Sheppeard, Sallye. "Entering the Green: Imaginal space in black orchid." The Contemporary Comic Book Superhero. Ed. Angela Ndalianis. Routledge Research in Cultural and Media Studies. London, New York: Routledge, 2009. 205–15.
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|Resource type: Book Article
Language: en: English
BibTeX citation key: Sheppeard2009a
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Keywords: "Black Orchid", Gaiman. Neil, McKean. Dave, Myth, United Kingdom
Creators: Ndalianis, Sheppeard
Publisher: Routledge (London, New York)
Collection: The Contemporary Comic Book Superhero
Myth emerges from the depths of what we usually associate with the human imagination, arising de profundis in word and image embodied as ritual, which is to say that myth is verbal, visual, and visceral. Whatever other names, epithets, and actions we attribute to them, heroes, superheroes, and their tales always contain verbal, visual, and visceral elements. As mythic manifestation, the superhero exists not in transition but as transition. As transition or liminality, then, the superhero beckons us to that region Henry Corbin calls the ‘mundus imaginalis’, the very real imaginal world that is neither intellect nor imagination but both: the region of and. Yet to conceive of this world, to participate in it, one need not dwell solely in ephemeral theory, nor solely in reality as we know it. One must enter both worlds simultaneously. Myth does not speak of transformation within that region; myth is transformation within that region.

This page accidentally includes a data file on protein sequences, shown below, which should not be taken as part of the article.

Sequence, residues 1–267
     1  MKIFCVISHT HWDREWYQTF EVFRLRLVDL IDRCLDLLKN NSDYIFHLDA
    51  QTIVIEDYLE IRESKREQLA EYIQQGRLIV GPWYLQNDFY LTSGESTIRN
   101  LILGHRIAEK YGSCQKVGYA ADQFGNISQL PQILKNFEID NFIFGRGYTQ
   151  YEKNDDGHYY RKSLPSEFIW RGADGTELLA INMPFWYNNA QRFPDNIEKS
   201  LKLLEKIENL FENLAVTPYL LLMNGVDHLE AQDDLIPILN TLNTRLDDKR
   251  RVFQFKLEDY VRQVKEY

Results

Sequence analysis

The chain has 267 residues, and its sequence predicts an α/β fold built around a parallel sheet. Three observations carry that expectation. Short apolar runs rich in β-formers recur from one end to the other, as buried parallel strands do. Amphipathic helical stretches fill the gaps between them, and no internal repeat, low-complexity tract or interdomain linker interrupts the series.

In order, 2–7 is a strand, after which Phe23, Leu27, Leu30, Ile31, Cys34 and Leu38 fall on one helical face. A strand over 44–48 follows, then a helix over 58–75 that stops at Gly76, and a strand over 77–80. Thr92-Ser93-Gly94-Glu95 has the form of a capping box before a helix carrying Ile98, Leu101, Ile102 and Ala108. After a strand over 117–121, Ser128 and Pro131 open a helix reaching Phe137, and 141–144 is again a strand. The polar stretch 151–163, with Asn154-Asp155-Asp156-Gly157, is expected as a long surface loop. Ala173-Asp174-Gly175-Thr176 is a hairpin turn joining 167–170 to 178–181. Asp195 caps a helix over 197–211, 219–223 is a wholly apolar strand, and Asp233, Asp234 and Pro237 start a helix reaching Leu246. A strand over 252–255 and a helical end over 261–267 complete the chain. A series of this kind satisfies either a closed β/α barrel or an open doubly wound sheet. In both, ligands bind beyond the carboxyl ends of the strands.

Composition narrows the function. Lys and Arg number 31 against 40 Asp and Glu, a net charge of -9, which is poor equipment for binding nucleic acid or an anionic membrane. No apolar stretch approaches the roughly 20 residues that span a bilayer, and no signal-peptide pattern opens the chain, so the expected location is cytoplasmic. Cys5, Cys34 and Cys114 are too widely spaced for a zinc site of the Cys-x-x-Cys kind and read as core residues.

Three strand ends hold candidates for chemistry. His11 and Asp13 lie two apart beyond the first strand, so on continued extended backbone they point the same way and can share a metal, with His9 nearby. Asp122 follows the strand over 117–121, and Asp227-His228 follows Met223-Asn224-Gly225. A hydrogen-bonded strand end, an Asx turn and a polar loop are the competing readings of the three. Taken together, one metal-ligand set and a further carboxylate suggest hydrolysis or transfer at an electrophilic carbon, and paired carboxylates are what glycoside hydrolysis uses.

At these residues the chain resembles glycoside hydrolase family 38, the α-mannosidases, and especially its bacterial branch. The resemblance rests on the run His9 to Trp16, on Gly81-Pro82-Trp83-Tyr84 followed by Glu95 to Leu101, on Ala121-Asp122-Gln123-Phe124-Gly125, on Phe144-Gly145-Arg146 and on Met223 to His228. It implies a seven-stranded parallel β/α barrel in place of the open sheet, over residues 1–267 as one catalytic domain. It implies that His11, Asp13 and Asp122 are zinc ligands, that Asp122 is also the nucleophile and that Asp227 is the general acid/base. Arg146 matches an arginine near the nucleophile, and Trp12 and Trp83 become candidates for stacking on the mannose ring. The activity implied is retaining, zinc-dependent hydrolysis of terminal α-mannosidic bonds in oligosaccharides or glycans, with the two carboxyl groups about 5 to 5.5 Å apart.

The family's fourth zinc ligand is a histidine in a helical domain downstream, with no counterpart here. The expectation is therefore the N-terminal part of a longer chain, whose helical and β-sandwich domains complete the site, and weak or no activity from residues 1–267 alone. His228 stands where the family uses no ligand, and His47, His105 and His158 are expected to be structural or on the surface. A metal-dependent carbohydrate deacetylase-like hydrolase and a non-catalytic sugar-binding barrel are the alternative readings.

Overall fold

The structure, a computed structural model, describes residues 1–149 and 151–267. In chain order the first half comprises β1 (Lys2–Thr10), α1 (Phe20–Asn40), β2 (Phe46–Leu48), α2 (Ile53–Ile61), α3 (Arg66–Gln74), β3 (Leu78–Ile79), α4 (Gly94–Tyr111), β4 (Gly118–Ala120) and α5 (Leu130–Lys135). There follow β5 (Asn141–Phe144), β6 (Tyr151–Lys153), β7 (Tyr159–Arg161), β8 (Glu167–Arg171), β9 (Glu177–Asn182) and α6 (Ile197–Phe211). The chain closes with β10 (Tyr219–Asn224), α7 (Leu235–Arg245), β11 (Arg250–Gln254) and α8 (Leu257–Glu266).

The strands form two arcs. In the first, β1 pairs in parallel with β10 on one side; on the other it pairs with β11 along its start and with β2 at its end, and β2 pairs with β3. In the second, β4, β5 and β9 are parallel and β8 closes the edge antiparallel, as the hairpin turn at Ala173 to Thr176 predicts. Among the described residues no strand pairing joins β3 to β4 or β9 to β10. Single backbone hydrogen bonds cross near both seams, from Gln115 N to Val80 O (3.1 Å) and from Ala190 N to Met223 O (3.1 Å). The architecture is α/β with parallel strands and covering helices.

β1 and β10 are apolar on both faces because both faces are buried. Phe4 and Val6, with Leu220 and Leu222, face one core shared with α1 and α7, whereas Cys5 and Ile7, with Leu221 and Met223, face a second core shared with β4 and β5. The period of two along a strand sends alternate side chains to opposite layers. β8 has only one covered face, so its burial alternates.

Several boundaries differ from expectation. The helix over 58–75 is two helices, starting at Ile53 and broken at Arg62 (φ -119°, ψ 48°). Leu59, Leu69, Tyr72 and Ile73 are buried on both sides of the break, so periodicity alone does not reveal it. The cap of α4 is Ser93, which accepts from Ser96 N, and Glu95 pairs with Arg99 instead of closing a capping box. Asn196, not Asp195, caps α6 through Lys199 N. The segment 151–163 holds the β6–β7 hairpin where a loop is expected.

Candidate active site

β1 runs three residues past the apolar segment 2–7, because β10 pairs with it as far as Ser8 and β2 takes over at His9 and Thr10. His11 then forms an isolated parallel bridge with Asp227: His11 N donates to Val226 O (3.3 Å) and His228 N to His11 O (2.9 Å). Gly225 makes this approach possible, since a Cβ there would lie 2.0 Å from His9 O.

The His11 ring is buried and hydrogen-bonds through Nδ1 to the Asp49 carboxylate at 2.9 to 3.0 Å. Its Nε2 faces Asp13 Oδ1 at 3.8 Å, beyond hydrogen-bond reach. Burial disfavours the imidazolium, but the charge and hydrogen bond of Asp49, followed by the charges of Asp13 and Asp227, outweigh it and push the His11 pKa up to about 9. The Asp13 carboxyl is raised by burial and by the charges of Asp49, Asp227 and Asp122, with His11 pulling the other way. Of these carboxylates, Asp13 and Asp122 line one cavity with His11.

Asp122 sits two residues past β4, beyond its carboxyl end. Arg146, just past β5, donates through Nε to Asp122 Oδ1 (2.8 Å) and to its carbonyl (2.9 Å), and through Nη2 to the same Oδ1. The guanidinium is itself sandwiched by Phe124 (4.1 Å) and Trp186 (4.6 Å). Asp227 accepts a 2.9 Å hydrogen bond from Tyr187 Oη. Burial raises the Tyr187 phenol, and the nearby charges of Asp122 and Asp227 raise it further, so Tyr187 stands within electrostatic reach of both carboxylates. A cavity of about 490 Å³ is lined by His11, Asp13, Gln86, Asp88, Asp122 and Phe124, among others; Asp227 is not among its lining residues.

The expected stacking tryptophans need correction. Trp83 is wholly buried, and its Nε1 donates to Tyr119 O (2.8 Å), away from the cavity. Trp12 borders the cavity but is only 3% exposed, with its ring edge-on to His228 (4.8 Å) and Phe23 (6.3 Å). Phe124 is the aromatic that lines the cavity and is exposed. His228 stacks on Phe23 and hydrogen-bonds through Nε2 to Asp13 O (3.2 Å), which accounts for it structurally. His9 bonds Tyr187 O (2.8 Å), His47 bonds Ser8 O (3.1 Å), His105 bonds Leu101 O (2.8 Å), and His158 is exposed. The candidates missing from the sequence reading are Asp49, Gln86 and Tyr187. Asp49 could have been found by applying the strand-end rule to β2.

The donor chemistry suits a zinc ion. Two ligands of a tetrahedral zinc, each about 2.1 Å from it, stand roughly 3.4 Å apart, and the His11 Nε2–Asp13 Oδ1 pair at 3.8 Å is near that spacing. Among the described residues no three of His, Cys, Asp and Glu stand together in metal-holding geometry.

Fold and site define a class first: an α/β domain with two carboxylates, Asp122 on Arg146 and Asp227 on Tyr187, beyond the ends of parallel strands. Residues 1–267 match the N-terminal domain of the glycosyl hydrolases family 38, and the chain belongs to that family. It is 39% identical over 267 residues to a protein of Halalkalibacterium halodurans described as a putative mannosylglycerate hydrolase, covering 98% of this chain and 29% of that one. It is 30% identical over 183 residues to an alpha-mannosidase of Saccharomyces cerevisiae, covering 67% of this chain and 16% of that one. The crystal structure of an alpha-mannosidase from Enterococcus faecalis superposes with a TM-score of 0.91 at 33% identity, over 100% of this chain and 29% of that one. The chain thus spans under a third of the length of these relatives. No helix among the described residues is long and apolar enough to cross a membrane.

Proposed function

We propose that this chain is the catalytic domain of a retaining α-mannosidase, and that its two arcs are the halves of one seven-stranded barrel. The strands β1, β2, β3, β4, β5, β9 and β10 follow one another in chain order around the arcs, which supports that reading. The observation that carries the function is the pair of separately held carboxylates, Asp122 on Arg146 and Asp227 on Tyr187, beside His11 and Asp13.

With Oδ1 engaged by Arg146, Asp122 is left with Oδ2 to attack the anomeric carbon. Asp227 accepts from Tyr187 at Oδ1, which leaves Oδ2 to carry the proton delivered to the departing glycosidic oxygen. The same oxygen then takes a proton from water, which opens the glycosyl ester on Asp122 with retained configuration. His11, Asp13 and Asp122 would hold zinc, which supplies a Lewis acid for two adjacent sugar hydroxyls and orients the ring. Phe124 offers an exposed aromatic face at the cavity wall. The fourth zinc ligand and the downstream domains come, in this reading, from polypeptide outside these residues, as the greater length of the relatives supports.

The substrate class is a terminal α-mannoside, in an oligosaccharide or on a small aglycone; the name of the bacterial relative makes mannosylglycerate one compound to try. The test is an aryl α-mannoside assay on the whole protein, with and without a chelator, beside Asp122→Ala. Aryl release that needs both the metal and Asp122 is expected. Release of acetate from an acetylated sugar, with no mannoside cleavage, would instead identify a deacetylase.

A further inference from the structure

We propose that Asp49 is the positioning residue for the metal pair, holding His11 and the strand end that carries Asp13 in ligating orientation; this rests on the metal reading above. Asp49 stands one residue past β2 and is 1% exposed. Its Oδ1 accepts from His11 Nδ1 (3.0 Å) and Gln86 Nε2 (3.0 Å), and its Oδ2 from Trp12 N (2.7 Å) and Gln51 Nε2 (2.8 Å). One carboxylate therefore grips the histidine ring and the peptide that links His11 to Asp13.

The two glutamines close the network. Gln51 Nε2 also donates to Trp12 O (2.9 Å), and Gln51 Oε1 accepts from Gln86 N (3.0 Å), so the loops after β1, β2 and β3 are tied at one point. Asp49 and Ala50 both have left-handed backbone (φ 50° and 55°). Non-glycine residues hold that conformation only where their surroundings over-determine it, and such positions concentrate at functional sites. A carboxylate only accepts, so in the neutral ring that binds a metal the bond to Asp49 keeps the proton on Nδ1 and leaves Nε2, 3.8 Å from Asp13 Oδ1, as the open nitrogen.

Born of the future and memory, Neil Gaiman's and Dave McKean's Black Orchid operates as vision and re-vision within this imaginal space. Its title character originates as human but becomes plant, a hybrid character named for a hybrid flower. She exists as human/plant, plant/human; she comes from the region of and. In its way, Black Orchid is a tour de force of comic genre transition, juxtaposing conventional bullying and violence with unconventional finesse and beauty, a modern tale of déjà vu and DNA. Regarded by many as a milestone in the development of adventure comics, Black Orchid takes the conventions of the genre and turns them inside out or, more accurately, turns them on themselves. At the mythic level, the work accomplishes a similar inversion. Black Orchid herself experiences the hero's journey more in the ancient tradition of Perseus than his successors, carrying forward major elements of two disparate cultures, one violent, one nurturing. Yet one can argue that Black Orchid's experience suggests something of a reversal of Perseus's journey. Her quest for self-identity leads her through Gotham City, Arkham Asylum, the Louisiana Swamps, and the Amazon Rainforest. Along the way, she encounters Batman, Poison Ivy, and Swamp Thing, familiar genre gods who serve as her psycho pomps as she descends from the world of heroic crime fighter to a nadir of violent madness and ascends to the world of “green” and, ultimately, a new vision for herself. It is this vision that makes Black Orchid's return to the world unique among her peers and Gaiman's and McKean's work unique within its genre.
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